Weight loss in a neonate is an issue of concern to parents, nurses and doctors. There are several theories about why neoonates lose weight. The most common theory is that babies are born with extra weight to help with the stress caused by labor and the transition to extra-uterine life. Also the extra fat stores are there because mother's mature milk does not come in for 3-5 days. A weight loss of 5% in the first week of life is considered normal for the bottle fed infant. A loss of 7% is average in the first week for the breastfed infant, 10% is the absolute maximum. If the baby loses 7% in the first 72 hours, breastfeeding should be observed by a trained professional for proper technique and milk transfer. If the baby is nursing well, appears otherwise healthy, and has appropriate stooling patterns another weight check should be scheduled in two days. As a parent you will need to monitor your child`s weight at home. If you don’t have a scale at home, you can monitor your baby’s intake of food and certain behaviors. By about week one, your newborn should be having at least 5-7 wet diapers a day and at least about 3-4 dirty diapers a day. Your baby should seem satisfied at least for a little while after feeding. Your baby should remain alert during the “awake” times and not seem overly sleepy. If you notice any of the above mentioned concerns in your child, contact your child`s doctor right away.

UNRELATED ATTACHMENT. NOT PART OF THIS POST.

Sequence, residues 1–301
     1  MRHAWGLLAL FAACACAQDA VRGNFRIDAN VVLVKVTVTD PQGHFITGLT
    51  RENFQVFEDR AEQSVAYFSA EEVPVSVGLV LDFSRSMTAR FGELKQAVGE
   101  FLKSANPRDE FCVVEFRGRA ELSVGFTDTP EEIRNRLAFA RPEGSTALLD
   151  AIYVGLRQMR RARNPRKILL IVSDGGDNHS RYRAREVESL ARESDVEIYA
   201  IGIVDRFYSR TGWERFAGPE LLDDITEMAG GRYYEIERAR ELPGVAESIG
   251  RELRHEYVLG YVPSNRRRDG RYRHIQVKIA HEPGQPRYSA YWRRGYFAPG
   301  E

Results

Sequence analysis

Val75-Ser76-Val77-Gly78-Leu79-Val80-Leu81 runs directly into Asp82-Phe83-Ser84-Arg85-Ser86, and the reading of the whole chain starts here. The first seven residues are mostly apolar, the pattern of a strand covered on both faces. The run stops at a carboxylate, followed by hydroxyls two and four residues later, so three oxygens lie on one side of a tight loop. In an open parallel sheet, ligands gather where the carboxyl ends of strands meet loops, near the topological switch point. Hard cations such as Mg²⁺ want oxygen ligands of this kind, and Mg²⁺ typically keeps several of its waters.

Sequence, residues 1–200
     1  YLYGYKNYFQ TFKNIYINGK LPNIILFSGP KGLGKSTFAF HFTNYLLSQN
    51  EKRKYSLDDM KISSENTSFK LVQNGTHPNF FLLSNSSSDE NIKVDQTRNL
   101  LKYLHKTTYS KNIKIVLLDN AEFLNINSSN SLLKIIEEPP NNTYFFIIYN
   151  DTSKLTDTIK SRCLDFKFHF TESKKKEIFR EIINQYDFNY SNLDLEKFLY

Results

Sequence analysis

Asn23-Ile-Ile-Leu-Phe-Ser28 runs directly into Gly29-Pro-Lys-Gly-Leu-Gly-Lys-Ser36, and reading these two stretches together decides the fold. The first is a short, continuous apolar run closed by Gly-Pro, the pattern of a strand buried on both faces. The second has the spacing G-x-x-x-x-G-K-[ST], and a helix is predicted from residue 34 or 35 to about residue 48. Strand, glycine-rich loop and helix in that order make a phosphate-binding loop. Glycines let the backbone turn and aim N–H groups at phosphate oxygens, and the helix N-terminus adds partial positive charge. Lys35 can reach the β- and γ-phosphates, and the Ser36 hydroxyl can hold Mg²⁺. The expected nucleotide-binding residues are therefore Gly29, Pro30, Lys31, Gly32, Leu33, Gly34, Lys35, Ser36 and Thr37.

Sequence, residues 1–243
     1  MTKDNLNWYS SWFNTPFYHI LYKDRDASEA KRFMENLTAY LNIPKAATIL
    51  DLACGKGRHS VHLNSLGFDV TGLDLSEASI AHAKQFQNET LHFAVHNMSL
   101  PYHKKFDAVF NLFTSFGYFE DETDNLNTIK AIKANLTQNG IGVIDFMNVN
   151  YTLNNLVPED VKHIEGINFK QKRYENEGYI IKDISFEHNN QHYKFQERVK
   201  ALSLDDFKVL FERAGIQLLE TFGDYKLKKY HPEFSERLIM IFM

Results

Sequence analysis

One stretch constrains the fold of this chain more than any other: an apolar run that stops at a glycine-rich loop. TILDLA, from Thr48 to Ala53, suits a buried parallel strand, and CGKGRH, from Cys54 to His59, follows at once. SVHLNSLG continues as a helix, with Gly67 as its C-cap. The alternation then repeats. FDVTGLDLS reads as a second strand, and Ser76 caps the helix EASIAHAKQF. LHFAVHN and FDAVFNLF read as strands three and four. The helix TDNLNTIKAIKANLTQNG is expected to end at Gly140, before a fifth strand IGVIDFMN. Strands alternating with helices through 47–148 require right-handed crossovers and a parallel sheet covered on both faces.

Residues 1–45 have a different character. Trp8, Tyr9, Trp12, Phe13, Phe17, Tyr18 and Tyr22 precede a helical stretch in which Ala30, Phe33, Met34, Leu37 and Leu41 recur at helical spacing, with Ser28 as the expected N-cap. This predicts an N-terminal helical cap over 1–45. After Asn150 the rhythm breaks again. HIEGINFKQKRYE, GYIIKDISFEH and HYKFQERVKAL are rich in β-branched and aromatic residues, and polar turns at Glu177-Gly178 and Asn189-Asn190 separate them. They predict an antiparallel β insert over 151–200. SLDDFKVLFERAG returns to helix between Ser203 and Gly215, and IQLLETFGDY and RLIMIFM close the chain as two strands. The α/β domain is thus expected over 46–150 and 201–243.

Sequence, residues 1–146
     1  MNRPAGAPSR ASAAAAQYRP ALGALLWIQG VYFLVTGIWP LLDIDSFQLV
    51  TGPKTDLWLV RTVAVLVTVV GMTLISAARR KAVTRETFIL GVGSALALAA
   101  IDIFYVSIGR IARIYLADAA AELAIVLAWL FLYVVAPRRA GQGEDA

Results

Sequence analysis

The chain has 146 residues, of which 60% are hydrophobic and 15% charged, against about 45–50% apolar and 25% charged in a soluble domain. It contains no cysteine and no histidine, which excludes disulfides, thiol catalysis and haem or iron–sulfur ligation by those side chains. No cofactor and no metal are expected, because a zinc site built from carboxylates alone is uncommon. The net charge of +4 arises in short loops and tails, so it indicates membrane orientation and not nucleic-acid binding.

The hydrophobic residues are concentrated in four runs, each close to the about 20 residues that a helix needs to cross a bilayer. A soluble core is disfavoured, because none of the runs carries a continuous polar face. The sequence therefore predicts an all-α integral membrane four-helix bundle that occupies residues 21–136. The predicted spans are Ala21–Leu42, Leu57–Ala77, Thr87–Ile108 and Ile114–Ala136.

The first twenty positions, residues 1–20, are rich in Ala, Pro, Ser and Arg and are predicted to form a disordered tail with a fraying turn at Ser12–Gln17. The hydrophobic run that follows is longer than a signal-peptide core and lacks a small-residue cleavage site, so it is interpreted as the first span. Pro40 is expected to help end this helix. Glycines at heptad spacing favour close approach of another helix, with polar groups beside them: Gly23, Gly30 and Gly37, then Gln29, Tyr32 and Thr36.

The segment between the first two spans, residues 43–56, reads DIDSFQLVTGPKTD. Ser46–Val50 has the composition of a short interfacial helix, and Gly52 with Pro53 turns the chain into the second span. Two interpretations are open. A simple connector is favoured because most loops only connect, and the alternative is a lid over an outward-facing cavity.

These Q&A’s are for educational purposes and should not be relied upon as a substitute for medical advice you may receive from your physician. If you have a medical emergency, please call 911. These answers do not constitute or initiate a patient/doctor relationship.